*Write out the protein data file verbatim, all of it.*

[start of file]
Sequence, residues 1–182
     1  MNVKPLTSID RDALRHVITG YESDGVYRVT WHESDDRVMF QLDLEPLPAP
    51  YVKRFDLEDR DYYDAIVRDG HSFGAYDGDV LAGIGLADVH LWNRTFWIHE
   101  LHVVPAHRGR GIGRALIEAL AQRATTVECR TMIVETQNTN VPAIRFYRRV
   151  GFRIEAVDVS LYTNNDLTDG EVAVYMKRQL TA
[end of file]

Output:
Sequence, residues 1–182
     1  MNVKPLTSID RDALRHVITG YESDGVYRVT WHESDDRVMF QLDLEPLPAP
    51  YVKRFDLEDR DYYDAIVRDG HSFGAYDGDV LAGIGLADVH LWNRTFWIHE
   101  LHVVPAHRGR GIGRALIEAL AQRATTVECR TMIVETQNTN VPAIRFYRRV
   151  GFRIEAVDVS LYTNNDLTDG EVAVYMKRQL TA